In their own words: Surviving lockdown in Syria’s refugee camps
Older people in Syria have seen their lives turned upside down by war, and survival in the refugee camps is a daily struggle for older people even without dealing with a pandemic. Fortunately, Age International, through our partner SEMA, have been able to reach out to older people in the refugee camps to provide vital information and support. Mr Omar and Mrs Shamta told us about their experiences.
Mrs. Shamta, Shuhadaa suburb, Shamarin
70-year-old Mrs Shamta lives with her daughter in a tent in the Shuhadaa suburb camp in the village of Shamarin, after she was forced to flee from her village of Al Nabi Remya.
“I am an old lady, but I still have to work on agricultural land to earn a living for myself and my daughter. We have no breadwinner for us in these difficult circumstances of displacement and high costs. In addition, I live in a cold, worn-out tent.
I have to fetch water daily and put it in the many small containers that I collected and cleaned and sterilized, in order to protect my health and that of my daughter from widespread diseases, including this new virus. My daughter told me that we can prevent it with cleanliness and sterilization, she follows medical advice from YouTube and advice provided by the Hospital's Community Health Team.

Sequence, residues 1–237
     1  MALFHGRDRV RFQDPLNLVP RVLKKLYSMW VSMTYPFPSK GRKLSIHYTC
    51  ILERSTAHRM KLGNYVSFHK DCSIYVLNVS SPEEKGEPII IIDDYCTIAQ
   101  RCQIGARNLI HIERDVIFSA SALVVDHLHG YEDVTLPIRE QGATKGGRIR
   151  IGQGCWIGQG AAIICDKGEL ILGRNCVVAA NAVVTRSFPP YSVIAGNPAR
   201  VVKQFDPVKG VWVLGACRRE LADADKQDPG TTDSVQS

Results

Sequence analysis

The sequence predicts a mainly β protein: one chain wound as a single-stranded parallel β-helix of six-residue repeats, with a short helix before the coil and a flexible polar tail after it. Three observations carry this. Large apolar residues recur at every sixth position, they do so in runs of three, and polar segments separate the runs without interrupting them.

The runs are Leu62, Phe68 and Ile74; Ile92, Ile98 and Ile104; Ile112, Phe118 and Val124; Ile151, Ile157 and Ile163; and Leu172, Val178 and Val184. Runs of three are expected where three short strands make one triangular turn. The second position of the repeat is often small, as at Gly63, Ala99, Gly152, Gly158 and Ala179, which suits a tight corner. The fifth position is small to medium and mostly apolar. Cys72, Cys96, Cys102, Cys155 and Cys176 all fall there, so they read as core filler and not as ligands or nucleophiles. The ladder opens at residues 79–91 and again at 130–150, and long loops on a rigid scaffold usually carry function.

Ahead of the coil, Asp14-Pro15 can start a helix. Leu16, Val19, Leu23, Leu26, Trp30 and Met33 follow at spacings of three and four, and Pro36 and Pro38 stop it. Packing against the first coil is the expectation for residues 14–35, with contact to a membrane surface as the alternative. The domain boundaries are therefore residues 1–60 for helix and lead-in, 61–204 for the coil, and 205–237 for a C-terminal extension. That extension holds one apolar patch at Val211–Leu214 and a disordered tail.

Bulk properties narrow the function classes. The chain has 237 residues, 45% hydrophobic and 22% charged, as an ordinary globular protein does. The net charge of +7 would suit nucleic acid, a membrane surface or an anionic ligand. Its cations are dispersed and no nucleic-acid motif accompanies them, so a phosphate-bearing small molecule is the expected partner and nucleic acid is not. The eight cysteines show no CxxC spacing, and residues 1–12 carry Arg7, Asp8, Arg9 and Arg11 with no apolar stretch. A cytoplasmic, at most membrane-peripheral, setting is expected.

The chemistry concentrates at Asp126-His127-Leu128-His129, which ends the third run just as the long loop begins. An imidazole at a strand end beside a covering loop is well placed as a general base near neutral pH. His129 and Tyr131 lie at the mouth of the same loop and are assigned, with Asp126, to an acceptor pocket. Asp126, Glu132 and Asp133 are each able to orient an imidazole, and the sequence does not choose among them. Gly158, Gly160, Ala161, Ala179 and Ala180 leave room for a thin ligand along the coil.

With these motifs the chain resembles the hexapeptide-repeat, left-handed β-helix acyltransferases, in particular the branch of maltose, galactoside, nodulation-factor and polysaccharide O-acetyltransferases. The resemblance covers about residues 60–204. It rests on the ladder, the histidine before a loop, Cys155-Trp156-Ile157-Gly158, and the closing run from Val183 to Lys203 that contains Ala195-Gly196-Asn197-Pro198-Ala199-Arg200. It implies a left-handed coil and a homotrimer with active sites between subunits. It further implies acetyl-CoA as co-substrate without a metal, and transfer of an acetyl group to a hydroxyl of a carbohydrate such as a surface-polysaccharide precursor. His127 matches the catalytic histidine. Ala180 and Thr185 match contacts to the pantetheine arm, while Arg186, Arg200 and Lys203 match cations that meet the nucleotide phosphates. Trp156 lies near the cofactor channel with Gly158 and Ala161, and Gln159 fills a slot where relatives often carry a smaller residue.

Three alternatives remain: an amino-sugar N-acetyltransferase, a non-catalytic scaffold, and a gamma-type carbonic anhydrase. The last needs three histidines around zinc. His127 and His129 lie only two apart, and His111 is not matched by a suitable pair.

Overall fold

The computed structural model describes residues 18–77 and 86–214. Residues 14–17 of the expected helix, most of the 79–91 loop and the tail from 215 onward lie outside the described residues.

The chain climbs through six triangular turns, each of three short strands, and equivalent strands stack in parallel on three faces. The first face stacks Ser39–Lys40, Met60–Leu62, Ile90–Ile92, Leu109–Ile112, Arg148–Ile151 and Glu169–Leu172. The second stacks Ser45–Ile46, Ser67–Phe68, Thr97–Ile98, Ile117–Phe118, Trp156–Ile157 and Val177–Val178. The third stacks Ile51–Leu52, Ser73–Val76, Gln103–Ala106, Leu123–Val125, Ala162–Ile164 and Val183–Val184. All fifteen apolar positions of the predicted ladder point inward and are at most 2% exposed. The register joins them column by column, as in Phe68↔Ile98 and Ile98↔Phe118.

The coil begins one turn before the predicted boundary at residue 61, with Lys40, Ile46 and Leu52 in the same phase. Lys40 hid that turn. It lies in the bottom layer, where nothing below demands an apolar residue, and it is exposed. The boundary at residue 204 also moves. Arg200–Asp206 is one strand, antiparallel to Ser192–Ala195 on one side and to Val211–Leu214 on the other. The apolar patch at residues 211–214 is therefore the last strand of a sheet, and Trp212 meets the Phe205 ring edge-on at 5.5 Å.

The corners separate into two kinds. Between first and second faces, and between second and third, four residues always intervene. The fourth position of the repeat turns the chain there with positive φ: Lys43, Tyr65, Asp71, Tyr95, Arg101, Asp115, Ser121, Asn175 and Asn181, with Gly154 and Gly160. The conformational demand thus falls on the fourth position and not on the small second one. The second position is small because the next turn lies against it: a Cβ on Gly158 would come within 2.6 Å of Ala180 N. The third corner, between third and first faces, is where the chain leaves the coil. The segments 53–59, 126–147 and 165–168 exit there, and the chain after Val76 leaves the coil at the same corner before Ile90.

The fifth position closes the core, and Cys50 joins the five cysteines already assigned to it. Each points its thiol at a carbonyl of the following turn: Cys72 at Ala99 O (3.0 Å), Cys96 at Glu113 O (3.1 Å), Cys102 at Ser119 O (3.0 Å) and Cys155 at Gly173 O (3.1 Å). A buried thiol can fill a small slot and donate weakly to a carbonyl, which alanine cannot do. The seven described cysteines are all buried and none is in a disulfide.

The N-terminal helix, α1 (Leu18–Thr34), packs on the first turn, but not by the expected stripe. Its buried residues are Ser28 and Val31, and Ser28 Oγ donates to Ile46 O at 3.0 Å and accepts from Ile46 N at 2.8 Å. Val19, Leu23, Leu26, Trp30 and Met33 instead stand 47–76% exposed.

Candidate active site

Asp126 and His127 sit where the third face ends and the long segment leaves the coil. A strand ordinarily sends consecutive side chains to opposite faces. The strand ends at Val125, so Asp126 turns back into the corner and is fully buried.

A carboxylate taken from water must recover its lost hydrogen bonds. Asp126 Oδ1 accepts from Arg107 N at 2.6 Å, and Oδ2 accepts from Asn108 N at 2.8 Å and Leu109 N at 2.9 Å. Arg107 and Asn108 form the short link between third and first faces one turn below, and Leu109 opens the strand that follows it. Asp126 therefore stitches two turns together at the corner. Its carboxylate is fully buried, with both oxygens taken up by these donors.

When I return from work, I wash my hands and feet well with soap and water so that I do not carry diseases to my tent. I also heard from the community health teams that this disease is transmitted if a sick person coughs in front of us or sneezes, so I try to stay away from patients sick with this virus and keep my daughter from approaching sick people as well in order to not catch it. I am more afraid for her more than myself as I don’t have anything to protect her from this virus except maintaining good hygiene. I pray to God to protect us from all evil.
There is no quarantine in my community and there is no restriction on movement. I go to work in the fields every day and go to buy food, drink, and medicine constantly and I will continue to work as long as I can because my children cannot help me.
As for the precautionary measures taken by the local community, I see that they are not sufficient. All they do is to distribute little soap and put chlorine with water for sterilization, so I am concerned about this situation. Health services are few.
But when the SEMA/Age International community health team visited us and gave us advice, sterilization tools and awareness materials about the virus. The awareness sessions which reassured me a little.
I hope that we can return to our normal lives and provide more support, care and attention to the elderly all over the world in order to live a life full of hope, health and wellness.”
Walid, Meydan Ikbis
Walid is 62 years old and was born in the western countryside of Aleppo in the village of Oweijel. He now lives in Meydan Ikbis with family.